If you’re not achieving your goals for the customer experience, you’re probably not measuring at the correct level; learn what that level is.
Companies want to give and get value through the customer experience—what are your goals? To deliver proactive customer service? Reduce customer support calls? Increase customer loyalty? Sell more through each customer interaction?
To achieve your goals, you’ll need to measure the fine-grained elements of your customer interactions. Only an up-close view—not a high-level view—will show you how to actually improve.
Where most companies get it wrong (really wrong) is they spend copious resources tracking the consequences of their customer experience (dashboards, Net Promoter Scores, etc.). But, they barely consider the factors that cause those experiences.
Outcome metrics are your results. For example, after a hotel stay, you might get a survey with the Net Promoter question: “How likely are you to recommend us to a friend or colleague?” Your answer—if you answer at all—will be a result of your experiences at the hotel. Outcome metrics, whether satisfaction or Net Promoter Scores, allow you to track progress over time. They’re indicators of general performance, but they’re limited. They’re limited because they’re not the tools that will help you to improve.
Nuanced Metrics: The tools that show how to improve.
The customer experience consists of broad factors, such as connection and timing, which break down into smaller elements: the smiles, frowns, word choices, thoroughness of answers, and more. It’s these small elements that you can actually change. Nuanced metrics and methods are the tools that delve into these elements, uncovering your gaps, opportunities, and how to improve.
Imagine you own a coffee shop and want to sell more coffee. A number of factors and elements are involved:
+ Product: Do customers like the coffee? Is it burnt or bitter?
+ Timing: How long do customers wait? And is there music in the background, so it doesn’t seem so long?
+ Connection: Did the cashiers focus on each customer? Or were they busy talking to each other?
+ Competition: Was a coffee shop on the next block offering free pastries?
You’ll increase sales revenue if you improve underlying factors like coffee quality, wait time and cashier attentiveness. But if you only look at your sales numbers, nothing will change.
Think of it like training to run faster.
To get results, you have to improve factors like: flexibility, endurance, and nutrition.
Each factor is comprised of myriad elements. For example, flexibility depends on: muscle groups, activity level and body temperature.
Devise a plan to improve each element and you’ll improve your speed. Simply measuring how fast you run will never tell you what to improve, or how. You can’t run faster overnight—but you can do 20 extra minutes of endurance training, 15 minutes of stretching, and eat healthier foods.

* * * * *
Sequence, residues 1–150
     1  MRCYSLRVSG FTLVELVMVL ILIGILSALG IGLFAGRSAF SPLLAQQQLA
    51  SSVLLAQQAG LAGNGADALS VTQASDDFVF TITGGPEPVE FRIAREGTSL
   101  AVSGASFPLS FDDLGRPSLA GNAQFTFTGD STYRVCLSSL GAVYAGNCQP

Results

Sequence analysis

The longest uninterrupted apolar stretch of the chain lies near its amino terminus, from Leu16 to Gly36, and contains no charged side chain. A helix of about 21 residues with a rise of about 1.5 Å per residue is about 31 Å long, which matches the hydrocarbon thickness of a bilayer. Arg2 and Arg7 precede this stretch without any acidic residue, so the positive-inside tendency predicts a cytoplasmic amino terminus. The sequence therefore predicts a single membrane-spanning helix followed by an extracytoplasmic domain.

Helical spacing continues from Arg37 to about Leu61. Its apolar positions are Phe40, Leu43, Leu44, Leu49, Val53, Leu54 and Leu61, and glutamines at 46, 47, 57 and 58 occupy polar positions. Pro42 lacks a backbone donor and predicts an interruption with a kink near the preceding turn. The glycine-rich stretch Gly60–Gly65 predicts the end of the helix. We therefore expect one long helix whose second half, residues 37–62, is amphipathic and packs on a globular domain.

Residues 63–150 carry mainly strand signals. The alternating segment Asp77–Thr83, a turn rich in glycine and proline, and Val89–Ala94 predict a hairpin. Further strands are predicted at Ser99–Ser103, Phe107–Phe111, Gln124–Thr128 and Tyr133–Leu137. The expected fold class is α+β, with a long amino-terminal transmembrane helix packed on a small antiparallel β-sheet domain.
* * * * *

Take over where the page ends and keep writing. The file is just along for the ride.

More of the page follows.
Wow VERSUS Satisfaction: Where Do You Need to Be?
How deeply you examine the factors and elements driving your outcomes depends on whether you need to satisfy or wow.
• Wow: In a competitive market, or when customer experience is one of your differentiators, you’ll have to “wow” your customers. “Wowing” requires you to unpack the customer experience at a granular level.
• Satisfaction: But, if you’re the market leader, achieving satisfaction is probably enough—and while you’ll still need to examine the details, you won’t need to scrutinize the subtleties.
Clarifying the Difference Between Satisfaction and Wow:
Customers are satisfied when their perceptions match their expectations. Customers’ expectations are set by your marketing messages, nearby competitors, and other companies comparable in your marketplace. Customers’ perceptions result from their direct experiences with you. Satisfaction is ok… but it’s NOT memorable.
On, the other hand, to wow is to exceed expectations. This calls for consistency, surprise, and customization. For more about “wow” get our free overview.
Whether You’re Aiming for Satisfaction or Wow, Know Your QCI™ Score.
At Interaction Metrics, we’ve developed the Quality of Customer Interaction™ Score. QCI™ is more actionable than NPS and other single-input metrics. This is because it accounts for multiple aspects of the customer experience, weighted by what matters most for each customer and their situation.
Customer Experience Metrics & Methods: Align Them.
Your goals, metrics, and methods should fit together like a puzzle, each piece complementing and informing the other. To get the clearest read on the customer experience, use a hybrid approach—because every method has pros and cons. For example, surveys are easy to do, but fall short because customers are rarely conscious of the details affecting their experiences.
Hybrid approaches also deepen insights. For example, to gain competitive edge, service evaluations pinpoint where you’re losing customers, while interviews uncover customers’ innermost thoughts and feelings.
Measure. Grow. Transform.
The best thing about using nuanced customer experience metrics with the right combination of methods is that next steps become abundantly clear. Next steps can be workshops, model answers, optimized interaction maps, director’s cut audio… the sky’s the limit.
Bring It All Together:
For any customer experience goal, whether that’s to increase conversion, inspire customers, win market share or anything else, you’ll need to:
+ Stop relying on outcome metrics
+ Embrace nuanced customer experience metrics
+ Combine metrics with the right methods
+ Apply powerful, engaging next steps
Let’s discuss your goals and the best metrics and methods for you with a free MetricsLAB™. Your takeaways will include: the pros and cons of different metrics plus a few preliminary ideas to advance your measurement. It’s 25 minutes. No strings attached. Improve your customer experience metrics. When’s good for you? Sign up here.